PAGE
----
How Twitch can break your artists

The Luck

There’s no shortage of digital companies out there right now that say they can take your acts to new heights. But amidst the hype for TikTok and Instagram, live streaming site is stealthily expanding beyond its core video game audience to provide a crucial platform for new artists.

In last week's edition of Music Week, we explored the impact the platform has had on acts ranging from rising country duo The Luck (pictured) to Lil Nas X. The platform has also live streamed music events, while the likes of Brendon Urie of Panic! At The Disco, Matt Heafy of Trivium, T-Pain and Deadmau5 have all seized upon the platform's possibilities in a variety of ways.

“These artists are regular streamers and great examples of where music meets gaming on Twitch,” Twitch head of music operations & go-to-market Will Farrell-Green told Music Week. “They all stream different formats, which is great from a content diversification point of view and, as we build our music presence in the future, we’ll look to these types of artists as SMEs [small-to-medium enterprises] and advocates of what’s possible within our community.”

“We’re in regular conversations with both major and indie record labels about different ways to test and learn together,” added head of music strategy and licensing, Pat Shah. “All the labels see the value of participating in our community.”

Twitch stresses it is not just a promotional platform, with artists having full access to monetisation tools for ad revenue and ecommerce. The platform even has its own currency (‘bits’), and channel pages can feature third party links such as Patreon.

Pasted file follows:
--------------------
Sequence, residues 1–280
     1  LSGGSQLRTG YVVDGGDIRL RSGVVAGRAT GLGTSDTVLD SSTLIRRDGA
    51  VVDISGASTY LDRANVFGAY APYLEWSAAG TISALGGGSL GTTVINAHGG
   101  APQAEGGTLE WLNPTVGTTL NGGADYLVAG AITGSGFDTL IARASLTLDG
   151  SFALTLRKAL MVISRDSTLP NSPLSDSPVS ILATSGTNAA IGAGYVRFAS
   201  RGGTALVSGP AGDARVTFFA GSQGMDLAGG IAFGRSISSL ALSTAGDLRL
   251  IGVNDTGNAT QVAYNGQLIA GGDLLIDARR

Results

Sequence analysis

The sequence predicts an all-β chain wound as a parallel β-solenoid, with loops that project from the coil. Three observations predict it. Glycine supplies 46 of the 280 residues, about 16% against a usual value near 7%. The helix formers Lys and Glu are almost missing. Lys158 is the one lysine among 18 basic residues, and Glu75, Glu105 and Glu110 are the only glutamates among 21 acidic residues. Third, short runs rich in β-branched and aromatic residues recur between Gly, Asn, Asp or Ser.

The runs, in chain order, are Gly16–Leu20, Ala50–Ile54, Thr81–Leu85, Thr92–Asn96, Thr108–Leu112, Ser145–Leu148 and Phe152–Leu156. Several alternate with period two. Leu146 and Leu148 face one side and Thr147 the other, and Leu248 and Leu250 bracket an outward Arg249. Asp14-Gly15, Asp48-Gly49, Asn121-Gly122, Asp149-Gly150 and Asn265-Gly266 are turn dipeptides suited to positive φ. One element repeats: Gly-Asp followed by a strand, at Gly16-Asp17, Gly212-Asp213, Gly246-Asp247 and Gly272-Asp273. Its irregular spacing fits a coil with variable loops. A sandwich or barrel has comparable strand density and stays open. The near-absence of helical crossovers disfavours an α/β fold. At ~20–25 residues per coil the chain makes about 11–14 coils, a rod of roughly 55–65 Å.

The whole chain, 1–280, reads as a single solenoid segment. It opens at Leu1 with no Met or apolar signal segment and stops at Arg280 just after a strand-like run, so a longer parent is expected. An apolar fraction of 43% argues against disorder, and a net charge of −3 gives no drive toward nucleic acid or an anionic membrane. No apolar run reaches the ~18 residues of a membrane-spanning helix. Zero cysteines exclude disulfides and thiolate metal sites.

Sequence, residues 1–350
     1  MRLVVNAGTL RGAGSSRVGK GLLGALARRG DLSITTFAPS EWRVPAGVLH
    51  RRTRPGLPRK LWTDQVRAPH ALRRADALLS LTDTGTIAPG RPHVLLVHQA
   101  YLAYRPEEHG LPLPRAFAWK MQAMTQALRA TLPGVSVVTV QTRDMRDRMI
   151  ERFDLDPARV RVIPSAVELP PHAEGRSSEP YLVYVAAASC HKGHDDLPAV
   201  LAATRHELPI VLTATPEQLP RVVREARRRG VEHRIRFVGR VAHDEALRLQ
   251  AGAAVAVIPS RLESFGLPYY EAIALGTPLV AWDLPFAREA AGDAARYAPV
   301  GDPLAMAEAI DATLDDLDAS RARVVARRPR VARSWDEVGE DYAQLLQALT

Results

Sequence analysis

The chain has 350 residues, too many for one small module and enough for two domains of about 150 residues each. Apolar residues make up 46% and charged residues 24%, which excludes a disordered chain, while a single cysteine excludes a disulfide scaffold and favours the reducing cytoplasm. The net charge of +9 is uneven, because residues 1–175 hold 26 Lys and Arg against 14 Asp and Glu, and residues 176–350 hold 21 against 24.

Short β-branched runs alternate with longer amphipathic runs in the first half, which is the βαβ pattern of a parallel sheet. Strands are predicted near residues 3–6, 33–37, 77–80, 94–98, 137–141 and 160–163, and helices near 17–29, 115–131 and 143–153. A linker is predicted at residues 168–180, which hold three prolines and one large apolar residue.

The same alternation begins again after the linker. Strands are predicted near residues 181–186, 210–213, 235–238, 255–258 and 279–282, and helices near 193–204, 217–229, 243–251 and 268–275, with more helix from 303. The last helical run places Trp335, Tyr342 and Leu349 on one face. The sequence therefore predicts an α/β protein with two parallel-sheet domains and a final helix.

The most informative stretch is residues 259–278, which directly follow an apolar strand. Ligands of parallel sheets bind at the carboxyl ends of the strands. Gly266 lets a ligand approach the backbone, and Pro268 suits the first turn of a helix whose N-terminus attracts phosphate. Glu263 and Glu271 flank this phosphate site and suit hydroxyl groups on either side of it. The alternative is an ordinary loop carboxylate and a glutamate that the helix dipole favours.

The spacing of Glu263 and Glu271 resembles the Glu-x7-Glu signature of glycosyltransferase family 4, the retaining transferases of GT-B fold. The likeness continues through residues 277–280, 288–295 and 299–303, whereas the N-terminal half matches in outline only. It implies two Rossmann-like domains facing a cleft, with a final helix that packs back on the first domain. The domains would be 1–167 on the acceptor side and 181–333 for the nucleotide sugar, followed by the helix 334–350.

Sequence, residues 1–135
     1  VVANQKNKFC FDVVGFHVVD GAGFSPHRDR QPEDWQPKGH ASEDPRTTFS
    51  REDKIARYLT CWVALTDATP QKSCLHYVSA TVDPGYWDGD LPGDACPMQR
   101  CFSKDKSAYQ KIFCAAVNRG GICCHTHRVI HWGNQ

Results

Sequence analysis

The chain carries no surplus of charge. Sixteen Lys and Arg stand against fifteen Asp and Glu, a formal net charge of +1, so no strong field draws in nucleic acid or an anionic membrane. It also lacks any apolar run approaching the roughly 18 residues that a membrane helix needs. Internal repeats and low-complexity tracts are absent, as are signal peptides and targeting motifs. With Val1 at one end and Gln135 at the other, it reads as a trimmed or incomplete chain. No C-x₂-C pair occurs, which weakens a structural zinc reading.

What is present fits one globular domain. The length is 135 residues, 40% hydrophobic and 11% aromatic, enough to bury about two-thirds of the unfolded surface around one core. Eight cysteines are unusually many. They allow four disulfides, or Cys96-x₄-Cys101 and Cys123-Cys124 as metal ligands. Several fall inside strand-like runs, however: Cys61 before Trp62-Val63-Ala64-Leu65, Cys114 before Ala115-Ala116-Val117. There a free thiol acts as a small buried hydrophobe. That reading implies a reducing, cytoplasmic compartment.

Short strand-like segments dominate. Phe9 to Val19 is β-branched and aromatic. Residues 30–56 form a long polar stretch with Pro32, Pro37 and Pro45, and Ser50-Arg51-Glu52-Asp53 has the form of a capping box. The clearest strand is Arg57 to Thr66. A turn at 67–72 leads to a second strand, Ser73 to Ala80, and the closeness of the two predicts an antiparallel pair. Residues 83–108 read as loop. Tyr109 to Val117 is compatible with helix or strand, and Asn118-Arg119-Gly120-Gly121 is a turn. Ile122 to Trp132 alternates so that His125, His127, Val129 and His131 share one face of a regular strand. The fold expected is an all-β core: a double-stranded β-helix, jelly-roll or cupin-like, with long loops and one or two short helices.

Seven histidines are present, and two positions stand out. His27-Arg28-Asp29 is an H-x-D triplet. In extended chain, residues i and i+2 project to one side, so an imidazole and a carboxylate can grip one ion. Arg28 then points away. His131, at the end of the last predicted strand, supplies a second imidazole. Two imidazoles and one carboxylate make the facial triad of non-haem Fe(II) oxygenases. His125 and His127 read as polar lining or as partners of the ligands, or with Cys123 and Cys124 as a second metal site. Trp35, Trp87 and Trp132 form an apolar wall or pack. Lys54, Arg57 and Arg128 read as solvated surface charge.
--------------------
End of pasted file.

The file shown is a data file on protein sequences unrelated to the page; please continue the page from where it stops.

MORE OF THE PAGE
“Twitch has always been a home for independent artists who wanted to build their fanbase and interact with their fans,” said Shah, citing The Luck’s use of regular live streams and the staging of their own ‘festival’ on the site, reaching over 500,000 unique viewers, as proof of what can be done. Although he did have one warning…

“Live streaming requires a different mindset than just uploading a video,” he said. “It's more like a FaceTime conversation. It’s a raw, intimate experience that creates a deep emotional connection with your viewers.”

* For the full Twitch story, including interviews with label executives and artists, subscribers can click here. To subscribe to Music Week and never miss a vital music biz story, click here.

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